7. Styles make fights- A dominant wrestler, with good sub D, and a strong chin can beat anyone anytime in a 3round fight. All they need is to avoid the big shot coming in, get the take down, stay on top, and stay moderately active to grind out a round. Now in a 5 round fight this is usually less noticeable, as often they will eventually get caught coming in, but in a 3 round fight it can mean a decision wins. Or their GNP can wear a guy down, or a cut or injury could happen because they are trapped on the bottom. Styles are important for all types of fighters as well. I was always of the opinion that Chuck would beat Wandy when they finally fought because Chuck had more reach, threw more (still not near enough though) straight punches and Wandy throws a lot of a short armed body hooks. It worked out, but many more technical strikers have given Chuck fits lately. Chuck vs. a wrestler with rudimentary stand up is still a good bet though. What if he fought Arona? Would Chuck just back up and knock him out when Arona shot it in? A better technical striker like Luis Cane would probably have a bad time against Arona. He doesn't have Chucks TD defense and doesn't generally KO people backing up. Randy Couture seems to do great against some good strikers, strikers like Tim Sylvia and Pedro Rizzo, but is over matched against bigger wrestlers. The myth MMA math is easily disproved by certain styles of fighters beating others.

8. Style over substance- Often a guy will land a few early highlight KO's against weaker opposition , talk a good game, or is unknown enough to surprise his opponents, and we start believe in him. There was a time when many people thought Tito Ortiz was the best wrestler in MMA. Why? He was a junior college champ, and NCAA champs and Olympic wrestlers abounded in MMA. The media, the UFC, and Tito related it so often that many started to believe it. Then Tito fought Randy Couture. Out wrestled, and manhandled like a child for 5 rounds, Tito was humbled. Chuck KO'd a lot of wrestlers but Keith Jardine, Rampage, Rashad and Shogun all beat him on the feet. I am not saying his legend is undeserved. He won a lot of big fights against a lot top fighters, but his stand up prowess was exaggerated. He has regressed as a stand up fighter, and rarely uses his jab. Chuck mostly throws power shots now, throws body punches from too far outside, and rarely throws kicks anymore. Not even near the best striker in his weight class, but 3 years ago many thought Chuck the best striker in MMA. How about Sokoudjou? Yes he KO'd Lil Nog and Arona right out of the gate with explosive power. But take him to the ground and he's lost. I jumped on that bandwagon after the Arona fight myself and was sorely disappointed. If you listened to Melvin Guillard talk on TUF 2 you would think Fedor would kneel before him. Josh Burkman was not intimidated by all his brashness and took it to him. Junie Browning is another style over substance guy. Runs his mouth like BJ Penn should just hand him his belt, but Cole Miler finished him quick, and Roli Delgado took him to a decision on TUF.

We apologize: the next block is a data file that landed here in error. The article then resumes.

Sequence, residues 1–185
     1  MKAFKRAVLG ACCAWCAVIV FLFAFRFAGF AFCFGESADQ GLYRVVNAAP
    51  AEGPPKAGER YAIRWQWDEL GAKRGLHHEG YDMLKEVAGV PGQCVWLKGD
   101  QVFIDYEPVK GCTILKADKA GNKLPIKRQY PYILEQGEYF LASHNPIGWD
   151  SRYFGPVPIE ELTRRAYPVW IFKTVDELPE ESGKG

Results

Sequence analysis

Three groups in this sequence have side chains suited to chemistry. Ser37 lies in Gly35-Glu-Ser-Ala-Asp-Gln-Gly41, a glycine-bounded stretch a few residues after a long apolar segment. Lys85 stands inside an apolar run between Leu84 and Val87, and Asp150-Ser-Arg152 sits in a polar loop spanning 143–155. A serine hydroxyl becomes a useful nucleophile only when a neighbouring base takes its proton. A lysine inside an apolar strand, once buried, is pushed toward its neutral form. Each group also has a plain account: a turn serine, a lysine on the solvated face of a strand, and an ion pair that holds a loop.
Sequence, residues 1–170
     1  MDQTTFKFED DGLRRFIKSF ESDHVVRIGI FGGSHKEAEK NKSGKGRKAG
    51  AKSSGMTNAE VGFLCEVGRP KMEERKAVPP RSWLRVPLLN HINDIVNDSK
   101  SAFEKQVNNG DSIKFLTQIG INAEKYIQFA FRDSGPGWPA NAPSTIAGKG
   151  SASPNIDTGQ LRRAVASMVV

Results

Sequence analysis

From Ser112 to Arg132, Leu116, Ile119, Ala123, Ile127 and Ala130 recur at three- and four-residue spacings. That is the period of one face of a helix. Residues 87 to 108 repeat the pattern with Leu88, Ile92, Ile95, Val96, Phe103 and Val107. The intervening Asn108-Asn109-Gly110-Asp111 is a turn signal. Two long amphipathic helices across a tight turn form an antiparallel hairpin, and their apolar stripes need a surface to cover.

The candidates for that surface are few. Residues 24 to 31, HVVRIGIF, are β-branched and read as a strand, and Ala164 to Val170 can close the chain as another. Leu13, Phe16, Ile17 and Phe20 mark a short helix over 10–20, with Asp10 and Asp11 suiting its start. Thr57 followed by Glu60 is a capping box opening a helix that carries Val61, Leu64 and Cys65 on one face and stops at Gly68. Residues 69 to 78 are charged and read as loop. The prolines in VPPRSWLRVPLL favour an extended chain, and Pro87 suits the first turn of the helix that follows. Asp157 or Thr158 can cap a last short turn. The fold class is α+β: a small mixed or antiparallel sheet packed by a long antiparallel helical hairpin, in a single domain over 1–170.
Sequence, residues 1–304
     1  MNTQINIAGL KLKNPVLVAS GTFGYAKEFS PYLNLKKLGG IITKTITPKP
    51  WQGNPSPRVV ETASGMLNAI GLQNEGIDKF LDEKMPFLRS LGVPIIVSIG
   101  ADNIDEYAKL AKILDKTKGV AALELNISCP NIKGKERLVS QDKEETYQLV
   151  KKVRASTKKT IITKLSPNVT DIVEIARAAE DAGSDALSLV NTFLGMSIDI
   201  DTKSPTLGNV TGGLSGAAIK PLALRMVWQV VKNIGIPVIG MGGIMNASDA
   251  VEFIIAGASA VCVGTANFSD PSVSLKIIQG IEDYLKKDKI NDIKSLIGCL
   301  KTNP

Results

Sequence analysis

9. Cuts, freak injuries, good cut men and doctors opinions - Then there is blood How often does a cut make a fighter look worse than he is? Edwin Dewees got cut on an episode of the ultimate fighter, and even though he was leaking like a faucet he was winning clearly. Not only can the judges give to much credence to this, but a doctor could stop the fight. I mean he was bleeding continuously, and some got on the fighter beneath him. What if it gets in his eyes? That's all up to the individual doctor and ref, and some will stop that fight, while others will let it continue. How about the razor sharp elbows of Kenny Florian? It wouldn't matter if he was getting owned by BJ, if he cut him over the eye and BJ couldn't see, and the cut man couldn't control it. Now BJ is one of those guys whose face is either structured to make him hard to cut, or he has thick skin, so this wasn't a problem that time. It was a problem when he fought Alex Karalexis and Chris Leben, with Leben clearly ahead when the fight was stopped. If you’re Nick Diaz or Spencer Fisher your scar tissue or bone structure makes you more susceptible to cuts, and Diaz had surgery to make himself less susceptible to it, but will it last? Then you have Fedor /TK. Fedor is still undefeated in my eyes, and I understand the tournament rules made it mandatory that someone had to be declared the winner, but come on! It was an illegal blow that caused that "loss”. When Vitor threw a blow that resulted in his glove grazing and cutting Randy Couture's eyelid, he became the UFC light heavyweight champ! Talk about anticlimactic. That was the worst main event ever, but Vitor got the win. Randy had finished him before and finished him in the rematch, but Vitor got the victory. Some fighters believe so much in Jacob " Stitch " Duran 's abilities to keep them fighting ,that they won't sign a contract without a guarantee that he is in their corner. A good cut man can alleviate some of the one time shot variables, or make a fight that should be stopped continue longer than it should.

In the end very little in sports is certain, and MMA is far too unpredictable for people to be thinking they know it all. So spread out your bets and don't go chirping to everyone in ear shot about a lock. You’re just as likely to get humbled, eat crow, and have people blaming you for the money they lost.